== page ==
Thank you for reading!

    Aaron Richards


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    One of the more effective, and probably completely unexpected, demos at Waldo’s and mine NAV TechDays 2018
    session was the user profile picture demo. I say “completely unexpected” is that it shows something that you normally don’t expect from control add-ins. When hearing “control add-in”, most developers (but also most Microsoft people) have in mind a visual control that visualizes some data from NAV/BC and possibly allows you to interact with (C/)AL through that piece of UI. However, there are many other things possible, like having a completely non-visual “controls” that tap into the functionality of the web client and extend its functionality beyond what it was originally designed to do.

    One of these is the user profile picture.

    If you didn’t attend (or watch) the session, this is what the demo is about: it makes use of the user silhouette icon in the upper-right corner (that actually doesn’t represent anything, just sits there) and allows you to take your selfie and then uses that selfie as your profile picture that’s showing there instead. Pretty neat and cool..

    How did I do it?

    The first thing that I did is that I located the piece of HTML that shows the user icon. When clicking on it, it shows a small menu, and I have added some changes there. For NAV 2018, the image is repeated in the menu, so I simply added a click handler for that image. For BC I have injected a bit of new HTML that re-shows the user icon, so I could attach the click handler on it, too. From there on, it’s mostly the same for both 2018 and BC. The click handler shows some more UI that renders on top of the page: it shows a circle that contains whatever your camera sees at that point. When you click on the circle, it takes the photo, sends it back to NAV as a base64-encoded data URI string. NAV then stores it in a blob field.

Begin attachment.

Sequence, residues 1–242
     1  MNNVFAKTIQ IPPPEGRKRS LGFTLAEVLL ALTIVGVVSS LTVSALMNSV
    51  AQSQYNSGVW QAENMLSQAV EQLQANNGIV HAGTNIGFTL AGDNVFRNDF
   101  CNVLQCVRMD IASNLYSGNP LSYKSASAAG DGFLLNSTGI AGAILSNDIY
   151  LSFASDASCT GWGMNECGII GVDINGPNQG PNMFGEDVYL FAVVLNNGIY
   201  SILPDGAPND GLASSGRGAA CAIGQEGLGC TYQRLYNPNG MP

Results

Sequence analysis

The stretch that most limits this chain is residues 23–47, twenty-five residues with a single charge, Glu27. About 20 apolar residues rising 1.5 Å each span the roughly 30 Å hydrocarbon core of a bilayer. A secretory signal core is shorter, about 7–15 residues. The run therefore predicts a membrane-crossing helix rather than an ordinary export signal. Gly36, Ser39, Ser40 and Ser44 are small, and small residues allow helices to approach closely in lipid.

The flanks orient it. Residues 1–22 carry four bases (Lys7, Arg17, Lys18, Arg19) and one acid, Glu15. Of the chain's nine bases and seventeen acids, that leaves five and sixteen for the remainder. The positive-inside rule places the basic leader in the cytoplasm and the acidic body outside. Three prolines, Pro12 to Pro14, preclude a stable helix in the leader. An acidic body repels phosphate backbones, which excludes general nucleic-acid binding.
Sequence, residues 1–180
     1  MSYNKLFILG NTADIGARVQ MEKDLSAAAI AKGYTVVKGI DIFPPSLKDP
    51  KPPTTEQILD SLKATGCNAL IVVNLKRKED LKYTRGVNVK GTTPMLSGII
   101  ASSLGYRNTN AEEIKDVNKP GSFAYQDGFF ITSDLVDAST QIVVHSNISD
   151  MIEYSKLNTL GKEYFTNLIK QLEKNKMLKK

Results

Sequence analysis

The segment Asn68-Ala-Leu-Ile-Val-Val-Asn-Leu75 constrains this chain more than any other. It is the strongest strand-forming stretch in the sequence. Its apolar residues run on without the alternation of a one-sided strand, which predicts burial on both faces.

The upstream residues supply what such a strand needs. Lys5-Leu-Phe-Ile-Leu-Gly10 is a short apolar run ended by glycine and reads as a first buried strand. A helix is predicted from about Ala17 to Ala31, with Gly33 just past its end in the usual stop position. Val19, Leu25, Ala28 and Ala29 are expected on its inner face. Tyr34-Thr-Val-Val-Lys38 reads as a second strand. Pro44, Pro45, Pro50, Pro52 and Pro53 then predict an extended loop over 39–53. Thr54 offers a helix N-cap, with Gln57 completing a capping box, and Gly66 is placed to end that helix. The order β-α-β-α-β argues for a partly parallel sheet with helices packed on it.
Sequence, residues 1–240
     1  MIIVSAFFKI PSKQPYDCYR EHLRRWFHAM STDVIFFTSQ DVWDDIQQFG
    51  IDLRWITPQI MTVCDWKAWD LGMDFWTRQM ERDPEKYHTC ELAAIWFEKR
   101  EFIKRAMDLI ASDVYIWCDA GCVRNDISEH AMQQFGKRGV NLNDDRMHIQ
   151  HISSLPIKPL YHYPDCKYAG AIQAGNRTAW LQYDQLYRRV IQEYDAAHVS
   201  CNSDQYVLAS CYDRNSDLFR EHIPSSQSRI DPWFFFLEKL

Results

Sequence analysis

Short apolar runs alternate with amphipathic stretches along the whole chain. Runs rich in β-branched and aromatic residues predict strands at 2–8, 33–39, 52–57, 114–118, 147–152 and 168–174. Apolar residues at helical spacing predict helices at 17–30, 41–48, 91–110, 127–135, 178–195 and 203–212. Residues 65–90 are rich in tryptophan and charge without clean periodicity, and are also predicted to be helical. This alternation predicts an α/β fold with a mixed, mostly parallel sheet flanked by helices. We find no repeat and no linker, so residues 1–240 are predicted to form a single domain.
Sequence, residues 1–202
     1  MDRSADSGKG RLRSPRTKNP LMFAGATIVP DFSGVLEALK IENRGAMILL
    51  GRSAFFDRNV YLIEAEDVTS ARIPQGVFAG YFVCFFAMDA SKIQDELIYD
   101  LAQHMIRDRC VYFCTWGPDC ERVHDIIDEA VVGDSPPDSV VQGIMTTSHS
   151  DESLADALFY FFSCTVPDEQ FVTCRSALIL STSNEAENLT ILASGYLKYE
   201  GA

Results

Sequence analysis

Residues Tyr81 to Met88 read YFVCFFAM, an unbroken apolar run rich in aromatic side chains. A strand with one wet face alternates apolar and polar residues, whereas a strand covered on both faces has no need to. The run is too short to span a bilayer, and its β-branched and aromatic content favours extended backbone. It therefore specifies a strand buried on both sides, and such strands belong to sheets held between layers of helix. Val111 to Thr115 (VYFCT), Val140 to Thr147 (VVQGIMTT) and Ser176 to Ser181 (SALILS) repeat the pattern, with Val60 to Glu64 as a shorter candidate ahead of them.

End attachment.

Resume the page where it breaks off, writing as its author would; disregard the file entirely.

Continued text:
Next time when NAV is loaded, NAV reads the content from the blob, sends it to the web client, and the control add-in receives it and shows it inside the user icon image, instead of that default empty silhouette.

    There is another important difference between NAV 2018 and BC web clients. In NAV 2018, certain page elements are not physically present. For example, the user menu that pops up when the user icon is clicked, does not exist in NAV 2018, while it’s pre-rendered and then hidden in BC. That’s why for NAV 2018 the main script is a lot different: it sets up a mutation observer that listens to specific changes, and then injects some HTML and necessary event listeners when it detects the menu UI being rendered.

    More or less, that’s it.

    And this is what it looks when you have super-excited people around you while you are demoing this feature:

    To make it all work, I had to apply some control add-in tricks, too.

    First of those is how to create a control add-in that doesn’t display anything. Before extensions v2 it was simple: you declare a control add-in that has no height and width, and it simply doesn’t show. In extensions v2 you cannot show a 0 x 0 pixels control add-in, so you have to resort to a workaround: show a 1 x 1 pixels control add-in that doesn’t contain anything. Then show that control add-in as the last control in a page, and it will not consume any meaningful space nor will it interfere with anything there. It will still provide its functionality, though.

    The second trick is where exactly to show that control add-in to have it usurp parts of the web client. The best solution is to show it as a part of an activity subpage of a role center. For my demo I extended only one, but you should in fact do this for all activities for all role centers to be sure it’s always available. Once you do that, your control add-in loads always when your web client loads, at least in the universal client where you always load directly into the role center. Once you put your control into the role center, since the web client in 2018 (and BC) is a single-page website (and it never reloads the entire page), your control add-in functionality (including functionality you injected into the standard web client) is always available.